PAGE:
Is Vaping Safer than Smoking?

Is Vaping Safer than Smoking? The short answer: yes. While vaping is still in its infancy, there have been several studies in recent years on its health risks that show that vaping is nowhere close to traditional cigarettes in terms of health risks and side effects.

In 2014, the American Health Association released a statement saying that e-cigarettes are less hazardous and could even help regular tobacco cigarette users quit, if they use e-cigarettes as a substitute. Though e-cigarettes do cause a dependency, as they contain nicotine like cigarettes, the levels are much lower. Additionally, they usually don’t produce the same harmful carcinogens that cigarettes do. Instead of inhaling smoke, you inhale vapor or steam.

Some additional benefits with vaping include: it doesn’t smell as bad as cigarette smoke, it doesn’t discolor your teeth, and it doesn’t make your breath smell as bad.

However, in 2015, the New England Journal of Medicine released a study that seemed to speak to the dangers of vaping. The study published claims that when people vape at a really high temperature, Formaldehyde is produced and can be inhaled. Conversely, the same study said that when vaping at a moderate temperature, there are no detectable traces of Formaldehyde. Though when vaping at such high temperatures, there is a pretty bad burnt taste that most people want to avoid. It is unlikely that vape users would be regularly vaping at that temperature due to the taste, so the risk of Formaldehyde inhalation is low.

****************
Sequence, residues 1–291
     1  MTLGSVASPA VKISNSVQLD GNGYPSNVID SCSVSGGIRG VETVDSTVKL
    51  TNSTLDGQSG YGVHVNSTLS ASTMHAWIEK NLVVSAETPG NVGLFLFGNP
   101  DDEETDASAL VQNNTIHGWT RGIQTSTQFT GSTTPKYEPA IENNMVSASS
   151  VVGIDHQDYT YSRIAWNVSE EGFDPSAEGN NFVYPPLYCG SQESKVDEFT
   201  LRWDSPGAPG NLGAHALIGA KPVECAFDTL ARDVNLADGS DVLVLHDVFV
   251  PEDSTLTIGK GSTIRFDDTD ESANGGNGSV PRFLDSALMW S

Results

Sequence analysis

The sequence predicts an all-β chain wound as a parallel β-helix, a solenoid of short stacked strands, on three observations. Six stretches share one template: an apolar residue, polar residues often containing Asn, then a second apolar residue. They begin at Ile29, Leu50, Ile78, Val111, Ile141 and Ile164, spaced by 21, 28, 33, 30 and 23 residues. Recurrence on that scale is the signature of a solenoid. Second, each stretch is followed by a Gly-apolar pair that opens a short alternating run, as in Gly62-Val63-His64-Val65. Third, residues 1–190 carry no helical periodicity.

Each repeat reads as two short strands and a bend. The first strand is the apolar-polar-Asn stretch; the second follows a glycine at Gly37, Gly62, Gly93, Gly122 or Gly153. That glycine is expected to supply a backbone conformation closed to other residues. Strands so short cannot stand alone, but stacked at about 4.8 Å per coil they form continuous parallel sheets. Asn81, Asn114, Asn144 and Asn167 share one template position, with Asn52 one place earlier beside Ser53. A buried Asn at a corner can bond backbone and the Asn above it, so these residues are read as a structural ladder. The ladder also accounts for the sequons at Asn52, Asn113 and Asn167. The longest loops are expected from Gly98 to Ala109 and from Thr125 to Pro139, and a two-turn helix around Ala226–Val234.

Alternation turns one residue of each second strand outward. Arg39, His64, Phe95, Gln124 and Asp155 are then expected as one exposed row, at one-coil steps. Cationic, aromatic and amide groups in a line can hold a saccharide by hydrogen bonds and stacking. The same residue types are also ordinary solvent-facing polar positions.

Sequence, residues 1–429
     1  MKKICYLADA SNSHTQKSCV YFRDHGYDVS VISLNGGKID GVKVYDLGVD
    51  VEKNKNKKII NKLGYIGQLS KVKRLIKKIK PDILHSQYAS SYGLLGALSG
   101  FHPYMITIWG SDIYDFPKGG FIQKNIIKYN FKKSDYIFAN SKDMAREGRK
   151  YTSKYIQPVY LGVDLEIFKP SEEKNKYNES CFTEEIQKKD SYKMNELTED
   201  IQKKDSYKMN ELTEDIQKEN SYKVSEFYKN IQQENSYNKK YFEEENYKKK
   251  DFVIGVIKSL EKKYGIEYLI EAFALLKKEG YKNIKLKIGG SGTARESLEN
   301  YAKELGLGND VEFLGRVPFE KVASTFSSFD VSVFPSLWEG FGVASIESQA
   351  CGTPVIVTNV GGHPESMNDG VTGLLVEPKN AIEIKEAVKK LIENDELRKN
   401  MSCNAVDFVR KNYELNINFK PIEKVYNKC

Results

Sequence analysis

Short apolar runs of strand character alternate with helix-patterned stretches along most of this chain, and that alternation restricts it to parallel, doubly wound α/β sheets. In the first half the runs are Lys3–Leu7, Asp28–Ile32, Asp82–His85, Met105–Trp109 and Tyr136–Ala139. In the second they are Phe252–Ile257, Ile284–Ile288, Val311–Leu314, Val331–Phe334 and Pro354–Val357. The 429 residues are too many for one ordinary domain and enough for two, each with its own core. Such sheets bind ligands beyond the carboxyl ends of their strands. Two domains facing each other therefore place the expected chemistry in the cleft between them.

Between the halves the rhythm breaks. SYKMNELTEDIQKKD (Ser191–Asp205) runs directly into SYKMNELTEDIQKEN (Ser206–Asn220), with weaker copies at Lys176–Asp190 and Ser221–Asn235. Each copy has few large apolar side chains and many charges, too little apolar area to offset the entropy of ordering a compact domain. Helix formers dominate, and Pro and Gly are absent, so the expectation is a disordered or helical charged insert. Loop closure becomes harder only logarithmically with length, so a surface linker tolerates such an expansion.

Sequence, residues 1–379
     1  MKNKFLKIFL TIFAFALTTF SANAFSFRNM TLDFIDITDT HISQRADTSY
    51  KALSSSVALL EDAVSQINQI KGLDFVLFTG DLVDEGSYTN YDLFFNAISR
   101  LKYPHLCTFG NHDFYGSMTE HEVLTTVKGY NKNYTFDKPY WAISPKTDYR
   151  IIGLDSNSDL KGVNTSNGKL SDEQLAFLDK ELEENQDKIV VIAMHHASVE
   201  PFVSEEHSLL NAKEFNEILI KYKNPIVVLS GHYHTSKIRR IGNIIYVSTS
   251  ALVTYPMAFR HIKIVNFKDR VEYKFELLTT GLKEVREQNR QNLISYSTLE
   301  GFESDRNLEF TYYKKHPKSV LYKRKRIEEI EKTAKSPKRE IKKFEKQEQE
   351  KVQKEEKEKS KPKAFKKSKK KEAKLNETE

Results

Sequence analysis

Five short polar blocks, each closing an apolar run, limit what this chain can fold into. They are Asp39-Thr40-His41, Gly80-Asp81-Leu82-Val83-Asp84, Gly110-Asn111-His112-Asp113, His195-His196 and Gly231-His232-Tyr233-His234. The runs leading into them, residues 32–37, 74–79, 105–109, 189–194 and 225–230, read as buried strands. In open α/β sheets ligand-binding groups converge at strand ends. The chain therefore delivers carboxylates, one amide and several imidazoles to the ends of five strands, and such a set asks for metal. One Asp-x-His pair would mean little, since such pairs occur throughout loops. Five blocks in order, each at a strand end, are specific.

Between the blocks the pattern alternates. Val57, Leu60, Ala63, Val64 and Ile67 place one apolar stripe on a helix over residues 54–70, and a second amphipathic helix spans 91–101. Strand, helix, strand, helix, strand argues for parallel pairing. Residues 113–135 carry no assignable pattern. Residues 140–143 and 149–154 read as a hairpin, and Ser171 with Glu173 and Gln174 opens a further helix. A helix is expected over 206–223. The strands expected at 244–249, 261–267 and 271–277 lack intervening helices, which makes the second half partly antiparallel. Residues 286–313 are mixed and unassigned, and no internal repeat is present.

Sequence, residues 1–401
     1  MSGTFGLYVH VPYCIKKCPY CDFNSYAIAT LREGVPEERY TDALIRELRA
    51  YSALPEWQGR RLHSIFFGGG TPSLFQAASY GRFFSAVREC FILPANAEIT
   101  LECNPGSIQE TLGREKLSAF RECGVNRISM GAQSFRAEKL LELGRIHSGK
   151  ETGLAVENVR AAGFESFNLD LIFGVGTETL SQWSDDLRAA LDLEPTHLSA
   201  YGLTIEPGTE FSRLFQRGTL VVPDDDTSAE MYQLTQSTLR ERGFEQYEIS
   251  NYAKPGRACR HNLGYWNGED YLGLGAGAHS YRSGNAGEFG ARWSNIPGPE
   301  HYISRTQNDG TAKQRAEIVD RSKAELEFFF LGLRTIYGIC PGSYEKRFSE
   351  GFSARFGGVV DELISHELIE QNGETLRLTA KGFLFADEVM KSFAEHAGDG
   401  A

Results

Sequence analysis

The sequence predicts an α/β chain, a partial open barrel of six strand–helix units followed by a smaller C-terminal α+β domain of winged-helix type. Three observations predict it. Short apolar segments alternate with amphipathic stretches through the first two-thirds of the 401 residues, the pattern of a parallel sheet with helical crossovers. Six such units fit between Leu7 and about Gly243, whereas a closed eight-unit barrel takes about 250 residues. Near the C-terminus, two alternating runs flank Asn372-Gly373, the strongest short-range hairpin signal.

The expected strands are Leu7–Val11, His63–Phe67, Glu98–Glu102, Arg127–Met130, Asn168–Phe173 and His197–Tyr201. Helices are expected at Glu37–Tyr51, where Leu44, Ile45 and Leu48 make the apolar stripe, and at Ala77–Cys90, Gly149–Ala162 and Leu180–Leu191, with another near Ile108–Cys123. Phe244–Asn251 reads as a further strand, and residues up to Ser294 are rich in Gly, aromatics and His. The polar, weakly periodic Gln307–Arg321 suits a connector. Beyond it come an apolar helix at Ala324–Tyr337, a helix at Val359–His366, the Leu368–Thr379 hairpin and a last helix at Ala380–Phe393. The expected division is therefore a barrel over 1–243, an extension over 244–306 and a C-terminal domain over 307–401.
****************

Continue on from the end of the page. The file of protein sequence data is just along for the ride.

That study was used to illustrate the dangers of vaping, but newer studies have been published that are not in alignment. One such study, with investigating scientists from University College London and backed by Cancer Research UK, took an in-depth look at vaping and its effects. Overall, the study found that the levels of NNAL, a chemical directly linked to lung cancer, was 97.5 percent lower in people who switched from regular cigarettes to e-cigarettes. The study looked at dual users; people who smoked both conventional and e-cigarettes.

As Dr. Lion Shahab concluded in the University College London study, “The take-home message for smokers and e-cigarette users is that using e-cigarettes long-term is likely to carry substantial health benefits, certainly in relation to cancer risk, compared with continued smoking. E-cigarettes are certainly safer than combustible cigarettes.”

The bottom line is that vaping is not comparable to the high risks of cancer and heart attack that come with cigarette smoking. While there haven’t been many studies into the long-term effects, due to its relative newness, the initial results are quite clear: e-cigarettes are safer than traditional cigarettes.


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